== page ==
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By this summer, the Maryland State Highway Administration expects to have started roadwork to improve conditions at the intersection of routes 5 and 925 in Waldorf.

SHA held a meeting Thursday evening in the cafeteria at John Hanson Middle School in Waldorf to present the proposed changes to the community. Ultimately, SHA Project Manager Marissa Lampart said, the proposed changes will have more of an effect on Route 5 (Leonardtown Road) than 925 (Old Washington Road).

Lampart said the affected area for construction will extend from 50 feet east of the train tracks crossing Route 5 to 100 feet west of the Route 925 intersection. Proposed changes include a 350-foot right turn lane on Route 5’s northbound side onto 925, a 5-foot-wide bicycle lane on Route 5’s northbound side, upgraded sidewalks, traffic signals and road resurfacing.

Charles County Planning and Growth Management Chief of Resource and Infrastructure Management Jason Groth said the county originally requested the state fund work extending up to Post Office Road, but given the economic climate, this was the most the state could fund.

“While a lot of the puzzle pieces are not ideal in the current situation, ultimately this can come together nicely,” Groth said, adding that he felt the proposed changes “complemented” the Waldorf Urban Design plan nicely. “While it doesn’t have every element, it still helps us get there.”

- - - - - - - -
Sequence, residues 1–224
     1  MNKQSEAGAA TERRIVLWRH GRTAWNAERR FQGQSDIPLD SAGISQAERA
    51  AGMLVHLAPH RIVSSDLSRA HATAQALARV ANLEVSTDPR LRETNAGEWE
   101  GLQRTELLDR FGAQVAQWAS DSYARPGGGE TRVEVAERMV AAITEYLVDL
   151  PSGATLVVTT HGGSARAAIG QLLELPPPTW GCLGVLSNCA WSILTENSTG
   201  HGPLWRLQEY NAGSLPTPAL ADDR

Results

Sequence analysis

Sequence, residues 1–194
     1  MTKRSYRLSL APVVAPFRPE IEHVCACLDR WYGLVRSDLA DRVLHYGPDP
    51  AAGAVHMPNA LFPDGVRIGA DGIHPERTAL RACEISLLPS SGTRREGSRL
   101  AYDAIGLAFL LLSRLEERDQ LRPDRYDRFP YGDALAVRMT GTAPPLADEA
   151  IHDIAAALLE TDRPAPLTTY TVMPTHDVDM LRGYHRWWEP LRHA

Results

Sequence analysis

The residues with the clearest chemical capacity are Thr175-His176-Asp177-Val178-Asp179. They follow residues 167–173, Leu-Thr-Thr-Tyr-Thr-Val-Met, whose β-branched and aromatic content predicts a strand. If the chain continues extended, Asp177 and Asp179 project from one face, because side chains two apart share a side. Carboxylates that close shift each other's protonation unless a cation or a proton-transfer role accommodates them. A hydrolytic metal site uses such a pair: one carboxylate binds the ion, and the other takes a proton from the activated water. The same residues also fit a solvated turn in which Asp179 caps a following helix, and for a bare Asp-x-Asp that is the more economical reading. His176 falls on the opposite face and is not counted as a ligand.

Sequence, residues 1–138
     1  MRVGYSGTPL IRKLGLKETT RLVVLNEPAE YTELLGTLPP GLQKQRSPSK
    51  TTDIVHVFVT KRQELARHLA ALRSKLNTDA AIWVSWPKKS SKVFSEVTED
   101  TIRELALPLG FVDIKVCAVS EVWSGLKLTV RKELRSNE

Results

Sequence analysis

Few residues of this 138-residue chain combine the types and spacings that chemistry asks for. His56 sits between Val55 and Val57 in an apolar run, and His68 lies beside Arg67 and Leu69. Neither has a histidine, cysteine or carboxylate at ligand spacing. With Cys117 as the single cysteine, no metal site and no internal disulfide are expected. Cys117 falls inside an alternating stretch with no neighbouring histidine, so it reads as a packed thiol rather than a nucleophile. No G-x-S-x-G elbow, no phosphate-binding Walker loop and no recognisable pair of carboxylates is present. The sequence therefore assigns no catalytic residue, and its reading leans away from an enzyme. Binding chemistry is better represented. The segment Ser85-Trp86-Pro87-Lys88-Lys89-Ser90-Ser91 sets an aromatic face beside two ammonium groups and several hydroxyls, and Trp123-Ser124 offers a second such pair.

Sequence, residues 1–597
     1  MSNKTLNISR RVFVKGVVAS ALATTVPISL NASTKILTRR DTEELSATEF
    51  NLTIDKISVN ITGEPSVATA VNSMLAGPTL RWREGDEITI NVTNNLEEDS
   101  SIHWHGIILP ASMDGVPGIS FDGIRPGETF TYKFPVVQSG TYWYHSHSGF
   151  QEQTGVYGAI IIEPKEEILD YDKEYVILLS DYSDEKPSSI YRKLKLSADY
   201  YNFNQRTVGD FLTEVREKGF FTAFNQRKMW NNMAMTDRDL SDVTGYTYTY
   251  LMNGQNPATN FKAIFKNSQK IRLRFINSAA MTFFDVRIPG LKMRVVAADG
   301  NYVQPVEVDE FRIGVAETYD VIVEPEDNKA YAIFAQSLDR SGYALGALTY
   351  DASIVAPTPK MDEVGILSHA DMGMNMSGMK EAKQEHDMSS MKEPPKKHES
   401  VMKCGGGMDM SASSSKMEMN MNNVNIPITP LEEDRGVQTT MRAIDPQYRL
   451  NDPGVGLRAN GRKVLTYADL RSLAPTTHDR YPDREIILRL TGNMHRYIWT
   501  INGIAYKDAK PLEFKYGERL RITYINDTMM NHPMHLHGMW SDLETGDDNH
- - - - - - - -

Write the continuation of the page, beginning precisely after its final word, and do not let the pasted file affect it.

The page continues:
The Waldorf Urban Design plan is the county’s plan to make Waldorf into a viable high-density urban center, and aims to make the area able to support the proposed future light rail. It also focuses on improving the overall quality of streets and other public amenities along Route 925.

Lampart said the cost of the project is around $2 million, a price tag she described in a follow-up phone interview as “lower end compared to other projects like this because it’s fairly small” in scope. Lampart said officials expect to have the project’s right of way completed in May, at which point they will look for contractors to do the work. Construction is expected to be completed in late 2014 or early 2015.

Former Charles County Commissioner Gary V. Hodge, who attended the meeting, said he feels the project is a step in the right direction, mirroring Groth’s sentiments.

“It’s an improvement,” Hodge said. “It’s a first step toward improving Route 5, the flow and efficiency. It’s good that the state has begun work, but it isn’t the full scope we need to see to improve it.”

Waldorf resident Bill Roman, who said he frequently drives along Route 925, said he expected the proposed changes to focus equally on the two roads, rather than putting the majority of the construction on Route 5.

“I thought it would be a more comprehensive redesign than just focusing on Route 5,” Roman said. “It’s of minimal benefit to me, but I do understand the money situation.”